When I came to Christ at the age of sixteen, I had a bucketful of emotional and sexual struggles which, I assumed, would disappear now that I’d been born again.
For a few weeks, it seemed they did. In the newness of my relationship with Him, and the outright wonder of salvation itself, I felt no sexual temptations; experienced no fantasies. I gave myself over to fellowship, drinking in the Word, prayer, and the joy of a new life. Freedom, it seemed, had been quickly and completely achieved.
It was nice while it lasted. Then, to my horror, lust started creeping back into my thoughts and dreams. My eyes became as unruly as ever, wandering where they shouldn’t, and memories of former experiences started replaying in
I was astonished to be struggling with sexual temptation again (though I had no intention of giving in to it) and appalled that I, as a Christian, could have any longing at all for what was so obviously and seriously wrong. Having repented of sin, I expected it to vanish. When it didn’t, I figured I was
Great Expectations (But Not Very Biblical)
The problem wasn’t my temptations. It was my expectations, which were naïve at least; un-Biblical for sure. Because nothing in scripture gives us any reason to believe that temptations, in this life, will ever completely vanish. They are in fact Biblically guaranteed. Look, for example, at I John 1:8
“If we say we have no sin, we deceive ourselves, and the truth is not in us.”
Or James 1:12:
“Blessed is the man who endures temptations, for he shall receive a crown of life”
But happily that isn’t the end of the story. Whereas before Christ we were, as Paul said, “servants of sin”, in Him, we have power over the very thing we used to serve. Look at the way he puts it in Romans:
“For when you were slaves to sin, you were free from righteousness. What fruit did you have then in the things of which you are now ashamed? For the end of those things is death. But now having been set free from sin, and having become slaves of God, you have your fruit to holiness.” (Romans 6:20-22)
Sin is. It dwells in our flesh; it’s displayed in the world. And until we die or Christ comes for us, we’ll be dealing with it. The difference between the before and after has more to do with our response to sin than its existence.
It’s a nuisance, for sure, but there’s a critical difference between a nuisance and a dictator. We were, as Paul said, slaves to it at one time. But now, with the Holy Spirit indwelling and a new nature that God’s created in us, we can take authority over it, rather than it dominating us.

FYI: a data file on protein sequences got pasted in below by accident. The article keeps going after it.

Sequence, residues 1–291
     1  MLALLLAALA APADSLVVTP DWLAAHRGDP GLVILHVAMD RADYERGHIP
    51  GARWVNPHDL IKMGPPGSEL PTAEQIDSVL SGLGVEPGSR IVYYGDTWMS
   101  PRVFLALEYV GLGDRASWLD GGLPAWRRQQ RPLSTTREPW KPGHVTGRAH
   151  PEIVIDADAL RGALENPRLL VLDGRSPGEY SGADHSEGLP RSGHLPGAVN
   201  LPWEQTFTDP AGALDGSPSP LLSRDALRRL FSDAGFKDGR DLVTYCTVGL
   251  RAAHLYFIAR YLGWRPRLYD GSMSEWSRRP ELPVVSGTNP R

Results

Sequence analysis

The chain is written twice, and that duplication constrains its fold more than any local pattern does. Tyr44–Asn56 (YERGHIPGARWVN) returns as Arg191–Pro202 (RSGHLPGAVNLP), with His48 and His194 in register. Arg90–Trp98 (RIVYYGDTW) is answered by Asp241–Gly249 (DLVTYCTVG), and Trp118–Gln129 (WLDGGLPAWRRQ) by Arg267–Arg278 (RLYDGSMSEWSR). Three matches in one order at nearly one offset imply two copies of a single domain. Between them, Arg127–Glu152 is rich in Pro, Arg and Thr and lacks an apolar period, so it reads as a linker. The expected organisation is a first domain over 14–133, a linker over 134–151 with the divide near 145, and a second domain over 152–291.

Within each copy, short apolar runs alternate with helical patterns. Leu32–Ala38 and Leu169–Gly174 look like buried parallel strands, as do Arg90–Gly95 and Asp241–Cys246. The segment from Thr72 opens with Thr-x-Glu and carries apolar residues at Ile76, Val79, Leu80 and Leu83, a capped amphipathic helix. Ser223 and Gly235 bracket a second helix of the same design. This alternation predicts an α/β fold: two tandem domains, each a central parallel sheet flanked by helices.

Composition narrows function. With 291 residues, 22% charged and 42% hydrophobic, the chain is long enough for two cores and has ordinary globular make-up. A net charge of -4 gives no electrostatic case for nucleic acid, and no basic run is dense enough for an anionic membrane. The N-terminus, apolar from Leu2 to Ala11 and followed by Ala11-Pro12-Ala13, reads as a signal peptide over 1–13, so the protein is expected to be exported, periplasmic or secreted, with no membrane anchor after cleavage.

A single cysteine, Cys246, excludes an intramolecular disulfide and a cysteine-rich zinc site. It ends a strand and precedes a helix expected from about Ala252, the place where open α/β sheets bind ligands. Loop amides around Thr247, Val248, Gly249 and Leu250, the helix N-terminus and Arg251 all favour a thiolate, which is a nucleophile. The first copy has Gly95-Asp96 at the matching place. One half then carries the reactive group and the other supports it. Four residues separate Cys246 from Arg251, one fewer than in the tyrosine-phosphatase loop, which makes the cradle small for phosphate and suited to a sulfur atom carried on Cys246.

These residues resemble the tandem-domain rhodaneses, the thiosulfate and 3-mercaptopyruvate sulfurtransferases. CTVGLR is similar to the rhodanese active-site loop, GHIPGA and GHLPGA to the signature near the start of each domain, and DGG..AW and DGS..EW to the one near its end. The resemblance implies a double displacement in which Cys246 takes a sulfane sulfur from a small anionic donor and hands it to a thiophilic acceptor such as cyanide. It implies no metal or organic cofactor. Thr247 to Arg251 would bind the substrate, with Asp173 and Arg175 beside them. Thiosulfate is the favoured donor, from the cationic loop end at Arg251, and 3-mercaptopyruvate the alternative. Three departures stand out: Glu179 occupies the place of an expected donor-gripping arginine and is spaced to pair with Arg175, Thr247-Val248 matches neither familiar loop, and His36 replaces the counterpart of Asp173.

It’s With Me but it Doesn’t Own Me
Years ago, Ron Howard directed a film adaptation of John Nash’s autobiography “A Beautiful Mind.” Nash, a brilliant mathematician, suffered from hallucinations so realistic that he actually had conversations with them, interacting with imaginary figures as though they were close friends.
Towards the end of the film, years after getting treatment for his condition, he’s asked by a colleague whether or not he still has these hallucinations. Before answering, Nash looks across the room and indeed, there they are – silent, distant, but still present.
“Yes”, he says, “I can still see them. But they don’t interfere with me anymore.”
Perfectly put. Sexual temptations are there, perhaps silent and distant, but still present. And why not? Just because you were redeemed doesn’t mean the rest of the world was redeemed along with you, so we can hardly expect it to change its ways. Satan, ever watching to trip you up, looks for ways to remind you of former habits and pleasures.
The difference now lies not so much in the reality of sin, but it’s power. It’s present, but it doesn’t have to interfere with you anymore. You have the power, as Paul says, to resist what you used to be in servitude to:
“No temptation has taken you but such as is common to man. But God is faithful, who will not allow you to be tempted beyond what you can endure.” (I Corinthians 10:13)
May our confidence in Him, His Word, and His Work, be a fortress to all of us today.